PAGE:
Tonkin

Tonkin

[ton-kin, tong-]
Tonkin, historic region (c.40,000 sq mi/103,600 sq km), SE Asia, now forming the heartland of N Vietnam. The capital was Hanoi. Tonkin was bordered on the north by China, on the east by the Gulf of Tonkin, on the south by the historic region of Annam, and on the S and W by Laos. The region of Tonkin was conquered in 111 B.C. by the Chinese, who ruled until they were ousted in A.D. 939, at which time the area became independent. The inhabitants began a southward expansion, and by 1471 they had acquired the kingdom of Champa. After the division of the Vietnamese lands between two dynasties in 1558, the northern half was ruled from the city of Tonkin (modern Hanoi); thus the name of Tonkin came to be applied by Europeans to the whole area. The two regions were reunited in 1802 under the rule of the restored line of Hue as part of the empire of Vietnam. To open the Red River to French trade, French expeditions were sent into Tonkin in 1873 and 1882; that of 1882 resulted in a full-scale colonial war, complicated by Chinese intervention (China also claimed the region) against the French. In 1884, Annam accepted a French protectorate, conceding France a separate protectorate over Tonkin with control more direct than over Annam. In 1887, Tonkin became part of the Union of Indochina. In World War II, the region was occupied (1940-45) by the Japanese. After the war Tonkinese and Annamese nationalist leaders joined in demanding independence for the state of Vietnam, and Tonkin was torn by guerrilla warfare between the French and the Viet Minh nationalists led by Ho Chih Minh. The name also appears as Tongking and Tonking.
Tonkin, Gulf of, NW arm of the South China Sea, c.300 mi (480 km) long and 150 mi (240 km) wide, between Vietnam and China. The shallow gulf (less than 200 ft/60 m deep) receives the Red River. Haiphong, Vietnam, and Peihai (Pakhoi), China, are the chief ports. An alleged attack (Aug., 1964) by North Vietnamese gunboats against U.S. naval forces stationed in the gulf led to increased U.S. involvement in the Vietnam War (see Tonkin Gulf Resolution).

Arm of the South China Sea, between northern Vietnam and Hainan Island, China. It is 300 mi (500 km) long and 150 mi (250 km) wide. In 1964 the Vietnamese reportedly fired on U.S. ships there, leading the U.S. Congress to adopt the Gulf of Tonkin Resolution that supported increased U.S. involvement in the Vietnam War.

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Former French protectorate, mainland Southeast Asia, now constituting the greater part of northern Vietnam. It was part of China from the 2nd century BC until the Vietnamese won independence in the 10th century AD. The French seized the area in 1883, making it a protectorate; it was joined with other regions controlled by France in 1887 to form French Indochina. It was the chief focus in the area of anti-French fighting after World War II.

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Arm of the South China Sea, between northern Vietnam and Hainan Island, China. It is 300 mi (500 km) long and 150 mi (250 km) wide. In 1964 the Vietnamese reportedly fired on U.S. ships there, leading the U.S. Congress to adopt the Gulf of Tonkin Resolution that supported increased U.S. involvement in the Vietnam War.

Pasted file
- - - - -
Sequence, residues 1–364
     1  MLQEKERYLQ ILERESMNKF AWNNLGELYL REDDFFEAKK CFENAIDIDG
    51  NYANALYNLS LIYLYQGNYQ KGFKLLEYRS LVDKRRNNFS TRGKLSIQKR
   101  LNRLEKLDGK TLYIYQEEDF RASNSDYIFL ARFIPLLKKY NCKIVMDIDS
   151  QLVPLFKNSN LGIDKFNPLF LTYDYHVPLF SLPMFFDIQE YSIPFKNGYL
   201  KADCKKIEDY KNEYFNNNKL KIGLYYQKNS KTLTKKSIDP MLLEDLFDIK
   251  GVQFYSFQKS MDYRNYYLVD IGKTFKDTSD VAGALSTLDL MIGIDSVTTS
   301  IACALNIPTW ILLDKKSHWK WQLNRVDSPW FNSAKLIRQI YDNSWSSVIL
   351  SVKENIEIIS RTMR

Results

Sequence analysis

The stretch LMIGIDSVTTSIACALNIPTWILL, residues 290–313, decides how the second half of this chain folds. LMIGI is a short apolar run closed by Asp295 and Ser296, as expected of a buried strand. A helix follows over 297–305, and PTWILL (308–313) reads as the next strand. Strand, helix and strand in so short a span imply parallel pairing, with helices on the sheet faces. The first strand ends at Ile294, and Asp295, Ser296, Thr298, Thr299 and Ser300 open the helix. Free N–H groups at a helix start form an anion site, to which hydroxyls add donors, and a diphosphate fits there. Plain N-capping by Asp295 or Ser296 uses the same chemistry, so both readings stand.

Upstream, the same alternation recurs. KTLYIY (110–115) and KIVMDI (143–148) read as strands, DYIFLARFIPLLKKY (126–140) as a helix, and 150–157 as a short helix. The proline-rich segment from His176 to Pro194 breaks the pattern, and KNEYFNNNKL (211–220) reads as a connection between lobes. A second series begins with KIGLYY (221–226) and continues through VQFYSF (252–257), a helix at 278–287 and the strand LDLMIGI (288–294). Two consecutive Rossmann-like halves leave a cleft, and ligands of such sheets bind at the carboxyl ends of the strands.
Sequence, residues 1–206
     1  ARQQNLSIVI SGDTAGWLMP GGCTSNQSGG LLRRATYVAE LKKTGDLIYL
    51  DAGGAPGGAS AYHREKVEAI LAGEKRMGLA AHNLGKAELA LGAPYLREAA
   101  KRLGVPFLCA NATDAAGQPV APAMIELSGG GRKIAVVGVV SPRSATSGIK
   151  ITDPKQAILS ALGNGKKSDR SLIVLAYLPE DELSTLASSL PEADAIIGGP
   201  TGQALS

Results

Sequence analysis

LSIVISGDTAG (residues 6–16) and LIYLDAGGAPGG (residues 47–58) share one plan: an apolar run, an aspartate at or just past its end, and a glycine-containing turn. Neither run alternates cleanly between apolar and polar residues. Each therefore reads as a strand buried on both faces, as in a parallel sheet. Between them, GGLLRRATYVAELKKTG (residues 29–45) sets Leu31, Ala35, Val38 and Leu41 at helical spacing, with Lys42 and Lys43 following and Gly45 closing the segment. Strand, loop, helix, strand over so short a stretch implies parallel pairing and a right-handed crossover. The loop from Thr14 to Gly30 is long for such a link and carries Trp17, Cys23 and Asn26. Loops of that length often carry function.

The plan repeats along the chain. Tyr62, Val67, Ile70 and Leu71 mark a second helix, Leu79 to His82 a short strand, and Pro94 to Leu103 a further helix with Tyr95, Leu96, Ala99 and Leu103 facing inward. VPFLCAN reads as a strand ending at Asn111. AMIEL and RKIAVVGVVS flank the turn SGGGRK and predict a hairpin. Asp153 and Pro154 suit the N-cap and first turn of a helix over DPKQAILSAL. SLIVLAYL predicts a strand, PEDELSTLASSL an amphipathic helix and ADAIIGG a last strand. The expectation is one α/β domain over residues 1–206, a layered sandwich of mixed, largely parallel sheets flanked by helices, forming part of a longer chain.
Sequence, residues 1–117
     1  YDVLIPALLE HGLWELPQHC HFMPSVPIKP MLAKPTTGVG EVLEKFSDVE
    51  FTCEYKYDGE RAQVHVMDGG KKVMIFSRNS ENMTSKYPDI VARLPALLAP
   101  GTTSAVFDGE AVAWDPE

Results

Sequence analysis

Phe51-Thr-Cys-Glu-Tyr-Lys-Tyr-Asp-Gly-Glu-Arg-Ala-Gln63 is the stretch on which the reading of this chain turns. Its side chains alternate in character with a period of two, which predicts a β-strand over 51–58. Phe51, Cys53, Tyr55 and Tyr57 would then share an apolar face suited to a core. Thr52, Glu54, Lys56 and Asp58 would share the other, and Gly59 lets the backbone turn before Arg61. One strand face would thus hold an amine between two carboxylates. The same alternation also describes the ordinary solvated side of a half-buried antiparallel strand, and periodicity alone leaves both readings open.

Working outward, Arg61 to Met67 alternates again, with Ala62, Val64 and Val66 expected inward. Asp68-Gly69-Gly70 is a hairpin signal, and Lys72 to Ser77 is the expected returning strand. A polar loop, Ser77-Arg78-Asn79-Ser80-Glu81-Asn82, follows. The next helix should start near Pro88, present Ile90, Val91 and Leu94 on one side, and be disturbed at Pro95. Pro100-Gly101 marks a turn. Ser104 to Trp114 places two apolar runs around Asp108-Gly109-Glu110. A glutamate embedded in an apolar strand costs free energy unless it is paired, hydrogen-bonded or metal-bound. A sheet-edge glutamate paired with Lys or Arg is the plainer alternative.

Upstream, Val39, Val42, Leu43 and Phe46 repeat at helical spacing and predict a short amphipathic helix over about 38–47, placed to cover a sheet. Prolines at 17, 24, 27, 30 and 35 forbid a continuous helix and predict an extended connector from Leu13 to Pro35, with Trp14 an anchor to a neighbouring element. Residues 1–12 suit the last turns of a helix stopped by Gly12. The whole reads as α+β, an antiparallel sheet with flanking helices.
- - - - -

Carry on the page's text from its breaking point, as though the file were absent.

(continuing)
Learn more about Tonkin, Gulf of with a free trial on Britannica.com.

Tonkin (Đông Kinh in Vietnamese), also spelled Tongkin, Tonquin or Tongking, is the northernmost part of Vietnam, south of China's Yunnan and Guangxi Provinces, east of northern Laos, and west of the Gulf of Tonkin. Locally, it is known as Bắc Kỳ, meaning "Northern Region". Located on the fertile delta of the Red River, Tonkin is rich in rice production.

The term derives from Đông Kinh (), a former name of Hanoi, which was the capital of Vietnam since the 7th century. (The name means "eastern capital", and is identical in meaning and written form in Chinese characters to that of Tokyo.)

History

The area was called Van Lang by Vietnamese ancestors at around 2000-100 BCE. Evidence of the earliest established society other than the Đông Sơn culture in Northern Vietnam was found in Cổ Loa, the ancient city situated near present-day Hà Nội. According to Vietnamese myths the first Vietnamese peoples descended from the Dragon Lord Lạc Long Quân and the Immortal Fairy Âu Cơ. Lạc Long Quân and Âu Cơ had 100 sons before they decided to part ways. 50 of the children went with their mother to the mountains, and the other 50 went with their father to the sea. The eldest son became the first in a line of earliest Vietnamese kings, collectively known as the Hùng kings (Hùng Vương or the Hồng Bàng Dynasty). The Hùng kings called the country, which was then located on the Red River delta in present-day northern Vietnam, Văn Lang. The people of Văn Lang were referred to as the Lạc Việt.

Tonkin (French colony)

France assumed sovereignty over all of Vietnam after the Sino-French War (1884-1885). The French colonial government then divided Vietnam into three different administrative territories. They named the territories: Tonkin (in the north), Annam (in the center), and Cochinchina (in the south). These territories were fairly arbitrary in their geographic extent. The vast majority of the Vietnamese regarded their country as a single land and fought for much of the next 90 years to achieve unification.

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